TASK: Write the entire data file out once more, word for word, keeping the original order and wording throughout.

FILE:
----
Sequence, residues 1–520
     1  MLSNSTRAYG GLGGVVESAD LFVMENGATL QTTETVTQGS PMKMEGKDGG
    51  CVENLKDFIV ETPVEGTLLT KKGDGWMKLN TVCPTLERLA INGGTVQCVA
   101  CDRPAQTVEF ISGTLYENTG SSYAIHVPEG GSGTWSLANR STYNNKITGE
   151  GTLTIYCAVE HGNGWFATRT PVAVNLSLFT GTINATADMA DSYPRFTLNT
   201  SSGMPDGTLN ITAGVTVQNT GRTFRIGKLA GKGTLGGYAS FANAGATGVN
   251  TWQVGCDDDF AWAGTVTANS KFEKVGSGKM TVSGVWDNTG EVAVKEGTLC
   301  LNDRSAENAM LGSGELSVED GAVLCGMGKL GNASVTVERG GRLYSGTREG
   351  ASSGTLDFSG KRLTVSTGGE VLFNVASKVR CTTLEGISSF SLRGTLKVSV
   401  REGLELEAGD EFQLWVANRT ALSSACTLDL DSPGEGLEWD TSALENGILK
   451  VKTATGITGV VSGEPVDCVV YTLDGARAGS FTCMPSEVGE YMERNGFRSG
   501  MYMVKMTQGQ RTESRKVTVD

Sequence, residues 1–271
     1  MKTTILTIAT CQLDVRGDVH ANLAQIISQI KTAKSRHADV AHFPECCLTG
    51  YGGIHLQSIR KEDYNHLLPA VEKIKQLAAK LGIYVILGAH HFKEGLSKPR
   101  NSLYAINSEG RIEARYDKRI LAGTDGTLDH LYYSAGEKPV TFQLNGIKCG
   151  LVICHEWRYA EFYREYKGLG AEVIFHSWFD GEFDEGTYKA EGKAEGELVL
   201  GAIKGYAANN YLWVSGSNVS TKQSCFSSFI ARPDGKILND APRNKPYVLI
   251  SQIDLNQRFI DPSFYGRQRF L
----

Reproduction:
Sequence, residues 1–520
     1  MLSNSTRAYG GLGGVVESAD LFVMENGATL QTTETVTQGS PMKMEGKDGG
    51  CVENLKDFIV ETPVEGTLLT KKGDGWMKLN TVCPTLERLA INGGTVQCVA
   101  CDRPAQTVEF ISGTLYENTG SSYAIHVPEG GSGTWSLANR STYNNKITGE
   151  GTLTIYCAVE HGNGWFATRT PVAVNLSLFT GTINATADMA DSYPRFTLNT
   201  SSGMPDGTLN ITAGVTVQNT GRTFRIGKLA GKGTLGGYAS FANAGATGVN
   251  TWQVGCDDDF AWAGTVTANS KFEKVGSGKM TVSGVWDNTG EVAVKEGTLC
   301  LNDRSAENAM LGSGELSVED GAVLCGMGKL GNASVTVERG GRLYSGTREG
   351  ASSGTLDFSG KRLTVSTGGE VLFNVASKVR CTTLEGISSF SLRGTLKVSV
   401  REGLELEAGD EFQLWVANRT ALSSACTLDL DSPGEGLEWD TSALENGILK
   451  VKTATGITGV VSGEPVDCVV YTLDGARAGS FTCMPSEVGE YMERNGFRSG
   501  MYMVKMTQGQ RTESRKVTVD

Sequence, residues 1–271
     1  MKTTILTIAT CQLDVRGDVH ANLAQIISQI KTAKSRHADV AHFPECCLTG
    51  YGGIHLQSIR KEDYNHLLPA VEKIKQLAAK LGIYVILGAH HFKEGLSKPR
   101  NSLYAINSEG RIEARYDKRI LAGTDGTLDH LYYSAGEKPV TFQLNGIKCG
   151  LVICHEWRYA EFYREYKGLG AEVIFHSWFD GEFDEGTYKA EGKAEGELVL
   201  GAIKGYAANN YLWVSGSNVS TKQSCFSSFI ARPDGKILND APRNKPYVLI
   251  SQIDLNQRFI DPSFYGRQRF L